Utrecht, Netherlands

There is some evidence that Utrecht was inhabited since the Stone Age. However, the founding of the city has always been related to the construction of the Castellum Traiectum in Roman times, decided by Emperor Claudius in 47 AD, to protect the Northern border of the Roman Empire, the River Rhine. Traiectum became the Dutch Trecht to which the prefix "uut" (downriver) was added to form Utrecht.

Following waves of attacks from Germanic tribes, the Romans eventually left between 275-300 AD. In 695 the Anglo-Saxon missionary Willibord arrived in Utrecht where he founded two churches- the Church of Saint Martin and the Church of St. Salvator. The arrival of Willibord is usually considered to be the beginning of the Bishopric of Utrecht, which later grew to become the most important religious centre of the Northern Netherlands.

In the 9th century, during a pillaging journey, the Vikings attacked Utrecht and destroyed the city's gates and walls. Nevertheless, by 1122 Utrecht was already an important trade centre in the Northern Netherlands and Holy Roman Emperor Henry V granted the city a charter.

In 1254 the current Dom Church started being built after the original one was destroyed by fire.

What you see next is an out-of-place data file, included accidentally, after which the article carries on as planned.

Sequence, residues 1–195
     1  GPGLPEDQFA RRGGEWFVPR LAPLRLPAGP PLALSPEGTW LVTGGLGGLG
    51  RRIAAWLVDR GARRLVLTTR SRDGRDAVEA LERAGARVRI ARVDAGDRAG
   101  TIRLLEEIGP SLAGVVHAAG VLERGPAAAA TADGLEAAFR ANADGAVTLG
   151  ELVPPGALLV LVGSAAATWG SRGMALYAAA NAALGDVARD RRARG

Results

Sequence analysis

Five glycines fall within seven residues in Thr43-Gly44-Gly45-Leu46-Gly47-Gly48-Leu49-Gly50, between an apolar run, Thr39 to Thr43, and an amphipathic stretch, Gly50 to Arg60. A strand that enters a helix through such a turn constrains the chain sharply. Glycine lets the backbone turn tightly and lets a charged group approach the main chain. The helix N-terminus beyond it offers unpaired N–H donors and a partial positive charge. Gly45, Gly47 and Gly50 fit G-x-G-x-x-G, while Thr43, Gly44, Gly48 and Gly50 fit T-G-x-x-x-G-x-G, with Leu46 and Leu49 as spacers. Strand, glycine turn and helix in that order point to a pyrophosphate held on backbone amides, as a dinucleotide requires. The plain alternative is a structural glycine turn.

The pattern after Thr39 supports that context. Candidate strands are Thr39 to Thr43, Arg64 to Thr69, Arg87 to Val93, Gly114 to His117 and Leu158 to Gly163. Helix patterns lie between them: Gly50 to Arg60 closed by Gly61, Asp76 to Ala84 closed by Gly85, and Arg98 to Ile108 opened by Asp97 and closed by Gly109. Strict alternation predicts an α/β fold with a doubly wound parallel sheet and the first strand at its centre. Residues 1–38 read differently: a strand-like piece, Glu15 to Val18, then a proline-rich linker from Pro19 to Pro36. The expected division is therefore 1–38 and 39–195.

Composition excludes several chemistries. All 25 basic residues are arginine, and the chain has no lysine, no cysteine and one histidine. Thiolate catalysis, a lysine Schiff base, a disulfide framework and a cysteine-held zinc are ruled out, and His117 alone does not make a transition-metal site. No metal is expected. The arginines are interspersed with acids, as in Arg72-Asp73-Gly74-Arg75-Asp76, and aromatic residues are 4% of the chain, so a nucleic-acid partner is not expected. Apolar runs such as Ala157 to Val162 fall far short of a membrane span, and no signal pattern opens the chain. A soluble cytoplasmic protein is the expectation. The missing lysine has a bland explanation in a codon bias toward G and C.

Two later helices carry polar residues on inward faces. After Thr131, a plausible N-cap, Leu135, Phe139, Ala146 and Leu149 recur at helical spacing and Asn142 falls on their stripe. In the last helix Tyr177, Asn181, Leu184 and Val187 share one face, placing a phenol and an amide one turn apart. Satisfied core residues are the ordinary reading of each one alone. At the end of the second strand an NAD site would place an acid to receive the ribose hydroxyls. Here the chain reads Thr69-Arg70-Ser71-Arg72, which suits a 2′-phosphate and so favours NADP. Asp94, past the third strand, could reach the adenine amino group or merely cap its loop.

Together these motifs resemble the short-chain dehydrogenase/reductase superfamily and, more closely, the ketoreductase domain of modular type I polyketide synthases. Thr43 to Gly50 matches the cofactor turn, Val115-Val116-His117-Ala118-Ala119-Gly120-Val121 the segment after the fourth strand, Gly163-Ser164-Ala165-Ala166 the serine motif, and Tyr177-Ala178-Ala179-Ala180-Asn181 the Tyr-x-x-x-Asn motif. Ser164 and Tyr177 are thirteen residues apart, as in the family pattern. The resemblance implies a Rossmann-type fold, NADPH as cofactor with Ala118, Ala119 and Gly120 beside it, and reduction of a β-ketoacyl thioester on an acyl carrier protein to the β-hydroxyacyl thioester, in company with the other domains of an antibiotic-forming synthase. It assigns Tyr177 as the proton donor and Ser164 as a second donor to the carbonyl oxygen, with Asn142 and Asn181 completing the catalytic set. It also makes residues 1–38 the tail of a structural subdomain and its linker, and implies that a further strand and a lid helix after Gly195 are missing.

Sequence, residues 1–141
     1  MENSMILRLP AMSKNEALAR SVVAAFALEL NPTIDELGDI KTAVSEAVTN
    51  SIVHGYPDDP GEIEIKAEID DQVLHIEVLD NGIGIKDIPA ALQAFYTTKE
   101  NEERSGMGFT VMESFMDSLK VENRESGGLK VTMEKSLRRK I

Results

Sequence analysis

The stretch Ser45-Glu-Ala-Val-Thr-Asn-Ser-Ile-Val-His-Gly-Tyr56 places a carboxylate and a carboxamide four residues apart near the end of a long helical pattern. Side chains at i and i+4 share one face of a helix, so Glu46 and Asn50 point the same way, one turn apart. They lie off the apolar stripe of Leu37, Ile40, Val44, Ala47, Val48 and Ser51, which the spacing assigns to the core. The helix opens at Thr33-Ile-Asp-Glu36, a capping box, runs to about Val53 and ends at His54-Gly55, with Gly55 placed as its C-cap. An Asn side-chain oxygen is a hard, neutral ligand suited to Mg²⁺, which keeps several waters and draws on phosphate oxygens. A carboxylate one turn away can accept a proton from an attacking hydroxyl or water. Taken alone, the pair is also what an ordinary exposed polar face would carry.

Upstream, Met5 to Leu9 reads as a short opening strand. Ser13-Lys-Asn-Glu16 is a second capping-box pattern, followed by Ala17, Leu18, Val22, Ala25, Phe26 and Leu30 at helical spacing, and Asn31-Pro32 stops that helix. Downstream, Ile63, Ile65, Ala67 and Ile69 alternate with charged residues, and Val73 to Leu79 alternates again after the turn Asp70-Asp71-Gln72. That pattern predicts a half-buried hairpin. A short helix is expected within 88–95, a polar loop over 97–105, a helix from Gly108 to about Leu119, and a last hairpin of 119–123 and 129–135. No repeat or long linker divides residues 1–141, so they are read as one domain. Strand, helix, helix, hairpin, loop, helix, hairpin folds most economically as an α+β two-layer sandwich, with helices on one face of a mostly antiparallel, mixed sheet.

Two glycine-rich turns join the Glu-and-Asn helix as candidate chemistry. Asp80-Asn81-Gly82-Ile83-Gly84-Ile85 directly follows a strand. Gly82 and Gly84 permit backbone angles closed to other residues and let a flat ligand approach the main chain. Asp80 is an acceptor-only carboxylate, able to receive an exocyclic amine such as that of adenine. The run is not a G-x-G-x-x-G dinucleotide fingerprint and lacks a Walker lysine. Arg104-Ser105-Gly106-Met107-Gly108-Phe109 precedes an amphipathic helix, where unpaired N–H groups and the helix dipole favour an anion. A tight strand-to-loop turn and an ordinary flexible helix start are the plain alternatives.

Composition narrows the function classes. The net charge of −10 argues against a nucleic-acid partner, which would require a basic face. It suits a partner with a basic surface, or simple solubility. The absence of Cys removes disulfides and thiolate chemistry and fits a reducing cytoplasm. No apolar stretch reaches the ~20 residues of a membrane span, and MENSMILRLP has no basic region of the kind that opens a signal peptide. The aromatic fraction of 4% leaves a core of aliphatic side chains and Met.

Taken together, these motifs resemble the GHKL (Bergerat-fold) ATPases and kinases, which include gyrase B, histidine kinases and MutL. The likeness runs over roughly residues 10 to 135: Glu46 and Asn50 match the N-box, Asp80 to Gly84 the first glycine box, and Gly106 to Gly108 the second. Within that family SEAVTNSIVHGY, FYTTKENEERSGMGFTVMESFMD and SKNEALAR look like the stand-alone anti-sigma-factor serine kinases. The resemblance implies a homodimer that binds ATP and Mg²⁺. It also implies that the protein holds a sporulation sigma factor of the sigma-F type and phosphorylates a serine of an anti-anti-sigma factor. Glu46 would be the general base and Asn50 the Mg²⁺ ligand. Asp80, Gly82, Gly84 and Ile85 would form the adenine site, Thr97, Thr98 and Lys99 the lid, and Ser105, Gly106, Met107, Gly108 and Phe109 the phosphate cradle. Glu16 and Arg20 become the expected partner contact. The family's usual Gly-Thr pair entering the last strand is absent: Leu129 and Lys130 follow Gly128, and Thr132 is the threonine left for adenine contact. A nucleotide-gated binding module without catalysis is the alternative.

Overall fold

In 1529 the Holy Roman Emperor Charles V commissioned the construction of Vredenburg, a castle intended to keep Utrecht citizens under control. This castle was destroyed a few decades later after the Spanish troops were forced to retreat and in 1579 the Treaty of Utrecht was signed. In this treaty, a number of towns and districts- Zealand, Holland, Utrecht, Ghent and Bruges- agree to march against the Spaniards and settle their religious differences. It is considered to be the beginning of the Dutch Republic.

In 1672 the city temporarily fell to the French Invasions and two years later it suffered significant destruction after being struck by a tornado.

In 1713 the War of Spanish Succession was settled in Utrecht.

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